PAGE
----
6 Effective Steps to Plan a Budget for Your Community
Within an HOA, the most critical task for a board treasurer is to create a healthy financial budget that covers the association’s operating expenses and provides sufficient funds to cover repairs and replacements. To plan a budget effectively, there are crucial steps the treasurer must follow to ensure the community’s goals and priorities are achieved. Here are six vital steps to always perform when planning an adequate HOA budget.
Step 1: Create an HOA Business Plan
When you first begin to plan a budget for your HOA, it’s vital to outline your objectives and establish your short- and long-term goals. During the budgeting process, you must ensure all responsibilities outlined in the governing documents are upheld. This can include minimum insurance coverage that needs to be secured or a specific percentage of assessments that must be transferred to reserves yearly. Also, you must uphold local municipal standards in regards to minimum insurance.
Step 2: Examine Previous Budgets
Looking at previous annual budgets will give you a good perspective of past projections and their comparison to actual expenses. You’ll be able to see when maintenance costs were typically higher and if there were any trends.
During this time, it’s important to remember that you should never cut your budget to avoid increasing fees if it puts you in a position where you are not abiding by local regulations or your own community’s governing documents and by-laws.
Step 3: Send Out RFPs
RFPs (requests for proposals) are essential to send out early to vendors during the budgeting process. You’ll be able to gauge how much vendors will cost and if they can fit within your operating budget.
Step 4: Determine Reserve Study and Costs
When planning a budget, a board treasurer needs to ensure an HOA reserve study is performed to identify capital improvements and the amount of reserve funds needed to maintain them and former projects.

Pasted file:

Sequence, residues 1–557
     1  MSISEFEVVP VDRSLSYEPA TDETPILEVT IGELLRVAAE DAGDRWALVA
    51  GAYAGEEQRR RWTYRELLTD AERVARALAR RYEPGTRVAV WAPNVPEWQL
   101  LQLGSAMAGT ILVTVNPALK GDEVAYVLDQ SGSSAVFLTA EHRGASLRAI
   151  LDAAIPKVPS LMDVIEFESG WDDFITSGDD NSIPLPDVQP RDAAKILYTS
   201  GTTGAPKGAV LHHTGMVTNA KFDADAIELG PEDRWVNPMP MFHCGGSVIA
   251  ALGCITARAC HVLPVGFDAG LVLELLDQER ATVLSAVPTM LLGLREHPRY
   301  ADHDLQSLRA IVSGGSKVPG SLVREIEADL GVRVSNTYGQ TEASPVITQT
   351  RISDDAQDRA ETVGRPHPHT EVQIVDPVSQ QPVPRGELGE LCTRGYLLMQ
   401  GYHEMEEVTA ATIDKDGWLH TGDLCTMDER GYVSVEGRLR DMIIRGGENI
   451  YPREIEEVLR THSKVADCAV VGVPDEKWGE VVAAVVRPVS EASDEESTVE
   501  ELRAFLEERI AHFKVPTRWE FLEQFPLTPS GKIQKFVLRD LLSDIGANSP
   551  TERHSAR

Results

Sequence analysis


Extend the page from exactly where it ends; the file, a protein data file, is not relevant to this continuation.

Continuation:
While special assessments may be needed to cover unexpected budgetary costs such as a snow budget that’s $20,000 over, they should not be relied upon to meet the HOA’s basic operating expenses. Don’t count on late fees and fines to meet the budget, as this could be a violation of the community’s governing documents to meet budgetary income requirements.
To ensure the HOA has adequate reserve funds, the treasurer and board must plan capital improvements and increase maintenance fees and/or yearly assessments before such projects begin. Once a capital improvement has been made, boards need to allocate reserve funds to future years to keep up with the maintenance, depreciation, and deterioration.
Step 5: Plug in the Numbers
Now that you have gathered all your financial information, it’s time to plug in the numbers and determine your operating budget for the year. Analyze your projected total expenses and compare them to the revenue you expect to receive. With this insight, you’ll be able to plan a budget that is healthy and effective.
Step 6: Get it Approved
Once you’ve determined an operating budget, you must get it approved by the HOA based on respective state guidelines. Homeowners have a right to view the budget, so you must remain transparent with them and allow them to cooperate in the decision-making process.
Plan Your HOA Budget with Ease
Need help planning your HOA’s operating budget? AR Management provides NJ financial management services for communities of all sizes. If your HOA is looking for assistance in creating a healthy operating budget, contact us today.